# Solved – Standard Error and confidence interval for multiple linear regression in matrix notation

Lets say we are trying to fit a normal linear model to our data as follows:

$$y = beta _0 + x_1beta_1 + x_2beta_2 + … + x_pbeta_p + epsilon$$.

My question is that how we can derive the standard error and confidence interval for each of the coefficient in matrix notation.

Contents

Under the usual Normal Gauss-Markov Model where $$boldsymbol{Y}=boldsymbol{Xbeta}+boldsymbol{epsilon}$$, it is assummed $$boldsymbol{epsilon}sim Nleft(0,boldsymbol{I}sigma^{2}right)$$, where $$boldsymbol{I}$$ is an $$ntimes n$$ identity matrix, where $$n$$ is the number of observations in your dataset. This implies $$Var(boldsymbol{Y})=Varleft(boldsymbol{Xbeta}+boldsymbol{epsilon}right)=Var(boldsymbol{epsilon})=boldsymbol{I}sigma^{2}$$.Then, under this model:

$$begin{eqnarray*} Varleft(hat{boldsymbol{beta}}right) & = & Varleft[boldsymbol{left(X^{prime}Xright)^{-}X^{prime}Y}right]\ & = & Varleft[boldsymbol{AY}right]\ & = & boldsymbol{A}Var(boldsymbol{Y})boldsymbol{A^{prime}}\ & = & boldsymbol{A}left(boldsymbol{I}sigma^{2}right)boldsymbol{A}^{prime}\ & = & left[left(boldsymbol{X}^{prime}boldsymbol{X}right)^{-}boldsymbol{X}^{prime}right]left(boldsymbol{I}sigma^{2}right)left[left(boldsymbol{X}^{prime}boldsymbol{X}right)^{-}boldsymbol{X}^{prime}right]^{prime}\ & = & sigma^{2}left[left(boldsymbol{X}^{prime}boldsymbol{X}right)^{-}right]left[boldsymbol{X}^{prime}boldsymbol{X}right]left[left(boldsymbol{X}^{prime}boldsymbol{X}right)^{-}right]\ & = & sigma^{2}boldsymbol{I}left[left(boldsymbol{X}^{prime}boldsymbol{X}right)^{-}right]\ & = & sigma^{2}left(boldsymbol{X}^{prime}boldsymbol{X}right)^{-} end{eqnarray*}$$

Normally we don't know $$sigma^{2}$$ so it has to estimated from the residuals, $$boldsymbol{hat{epsilon}}$$ to give us: $$Varleft(boldsymbol{hat{beta}}right)=hat{sigma}^{2}left(X^{prime}Xright)^{-}$$. Without getting into all the gory details, the estimated $$sigma^2$$ is given by: $$hat{sigma}^{2}=frac{hat{epsilon}^{prime}hat{epsilon}}{n-r}$$ where $$n$$ is the number of rows in $$boldsymbol{X}$$ and $$r$$ is the rank of $$boldsymbol{X}$$.

Then, again, without going into all the distribution derivations and other gory details, the $$100(1-alpha)%$$ confidence interval for $$hat{beta}_{j}$$, $$j=0,1,ldots,k,$$ ($$k=r-1$$) is given by:

$$begin{eqnarray*} hat{beta}_{j} & pm & t_{alpha/2,n-r}hat{sigma}sqrt{g_{jj}} end{eqnarray*}$$

where $$g_{jj}$$ is the $$j$$th diagonal element of $$left(boldsymbol{X}^{prime}boldsymbol{X}right)^{-}$$, and $$t_{alpha/2,n-r}$$ is the $$left(alpha/2right)100$$ percentile of the $$t$$-distribution, with $$n-r$$ degrees of freedom.

Here is an example of the computations done manually and then checked against confidence intervals computed by R:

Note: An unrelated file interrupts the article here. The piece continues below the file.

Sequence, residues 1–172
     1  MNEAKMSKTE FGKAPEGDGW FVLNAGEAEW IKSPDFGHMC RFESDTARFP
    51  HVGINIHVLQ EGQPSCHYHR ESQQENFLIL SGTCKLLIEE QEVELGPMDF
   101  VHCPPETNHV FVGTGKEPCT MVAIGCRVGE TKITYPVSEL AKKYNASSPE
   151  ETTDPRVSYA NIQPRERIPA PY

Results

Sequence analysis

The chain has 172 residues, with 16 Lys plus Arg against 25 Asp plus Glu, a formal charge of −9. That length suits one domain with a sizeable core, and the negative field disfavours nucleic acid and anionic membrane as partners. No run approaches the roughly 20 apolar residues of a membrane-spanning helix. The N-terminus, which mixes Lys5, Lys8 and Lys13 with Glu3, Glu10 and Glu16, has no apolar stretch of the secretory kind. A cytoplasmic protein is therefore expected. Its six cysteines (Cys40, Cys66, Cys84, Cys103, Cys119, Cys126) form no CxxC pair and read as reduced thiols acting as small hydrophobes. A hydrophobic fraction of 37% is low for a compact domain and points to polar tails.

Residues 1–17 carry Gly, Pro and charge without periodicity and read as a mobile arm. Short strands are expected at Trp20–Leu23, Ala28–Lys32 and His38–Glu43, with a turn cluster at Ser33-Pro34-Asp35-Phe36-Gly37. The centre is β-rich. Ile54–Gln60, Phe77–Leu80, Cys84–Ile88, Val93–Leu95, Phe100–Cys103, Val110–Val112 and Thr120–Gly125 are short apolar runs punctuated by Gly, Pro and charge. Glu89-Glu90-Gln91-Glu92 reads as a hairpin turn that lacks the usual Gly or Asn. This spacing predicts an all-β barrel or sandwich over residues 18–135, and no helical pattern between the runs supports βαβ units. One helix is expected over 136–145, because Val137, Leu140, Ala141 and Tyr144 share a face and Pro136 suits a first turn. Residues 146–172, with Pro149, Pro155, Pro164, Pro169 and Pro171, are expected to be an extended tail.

``> library(MASS) >  > ##create some data > data("mtcars") > y<-mtcars$$mpg > y  21.0 21.0 22.8 21.4 18.7 18.1 14.3 24.4 22.8 19.2 17.8 16.4 17.3 15.2 10.4 10.4 14.7 32.4 30.4 33.9 21.5 15.5 15.2 13.3 19.2 27.3  26.0 30.4 15.8 19.7 15.0 21.4 > x0<-rep(1, dim(mtcars)) > x1<-mtcars$$disp > x2<-mtcars$$hp > x3<-mtcars$$drat > X<-cbind(x0, x1, x2, x3) >  > ##print first rows of design matrix X > head(X)      x0  x1  x2   x3 [1,]  1 160 110 3.90 [2,]  1 160 110 3.90 [3,]  1 108  93 3.85 [4,]  1 258 110 3.08 [5,]  1 360 175 3.15 [6,]  1 225 105 2.76 >  > ##calculate beta hats - note:  not efficient, just for teaching > beta.hat<-ginv(t(X)%*%X)%*%t(X)%*%y > beta.hat             [,1] [1,] 19.34429256 [2,] -0.01923223 [3,] -0.03122932 [4,]  2.71497521 > ##get predicted values > y.hat <- X%*%beta.hat > residuals <- y-y.hat > ##find n and rank, r > r <- qr(X)$$rank > n <- dim(X) > ##compute covariance matrix > var.beta.hat <- as.numeric(t(residuals)%*%residuals/(n - r))*ginv(t(X)%*%X) > ##compute confidence interval > alpha <- .05 > t <-qt(1 - alpha/2, n - r) > conf.int <- round(cbind(beta.hat - t*sqrt(diag(var.beta.hat)), beta.hat + t*sqrt(diag(var.beta.hat))), 5) > conf.int [,1] [,2] [1,] 6.29413 32.39445 [2,] -0.03843 -0.00004 [3,] -0.05857 -0.00389 [4,] -0.33176 5.76171 > > #fit model with standard R lm package > r.fit <-lm(y ~ x1 + x2 + x3) > #show confidence intervals in R > round(confint(r.fit, names(r.fit$$coef), level = 0.95), 5)                2.5 %   97.5 % (Intercept)  6.29413 32.39445 x1          -0.03843 -0.00004 x2          -0.05857 -0.00389 x3          -0.33176  5.76171 ``

@prony, so we are trying to calculate the standard error, so I'm not sure what you mean by the standard error is defined as $$sigma/sqrt{n}.$$ But I think I understand your question. To understand where $$sqrt{g_{jj}}$$ is coming from, first, notice that the standard error is just the square root of the variance of an estimator — in this case, $$hat{boldsymbol{beta}}$$. So really, all we are trying to do is obtain the square root of each of the diagonal elements of $$Var(hat{boldsymbol{beta}}) = hat{sigma}^2(boldsymbol{X}^prime boldsymbol{X})^-$$. Here, $$hat{boldsymbol{beta}}$$ is a vector. So to obtain the standard error for a single $$hat{boldsymbol{beta}}$$, (what I call $$hat{beta_j}$$ and note this is not longer bolded as it's just a single element), we need to pick off the element corresponding to the $$j$$th row and $$j$$th column of the $$hat{sigma}^2(boldsymbol{X}^prime boldsymbol{X})^-$$ matrix, and take the square root of it (this amounts to taking the square root of the diagonal entries of the matrix, which are the variances before square-rooting. The off-diagonal entries are the covariances). I have simply defined $$sqrt{g_{jj}}$$ to be equal to the $$j$$th diagonal element of the square matrix $$(boldsymbol{X}^prime boldsymbol{X})^-$$ so that when we obtain the square root of the diagonal element of $$hat{sigma}^2(boldsymbol{X}^prime boldsymbol{X})^-$$ to obtain the standard error, we get $$sqrt{hat{sigma}^2g_{jj}}=hat{sigma}sqrt{g_{jj}}.$$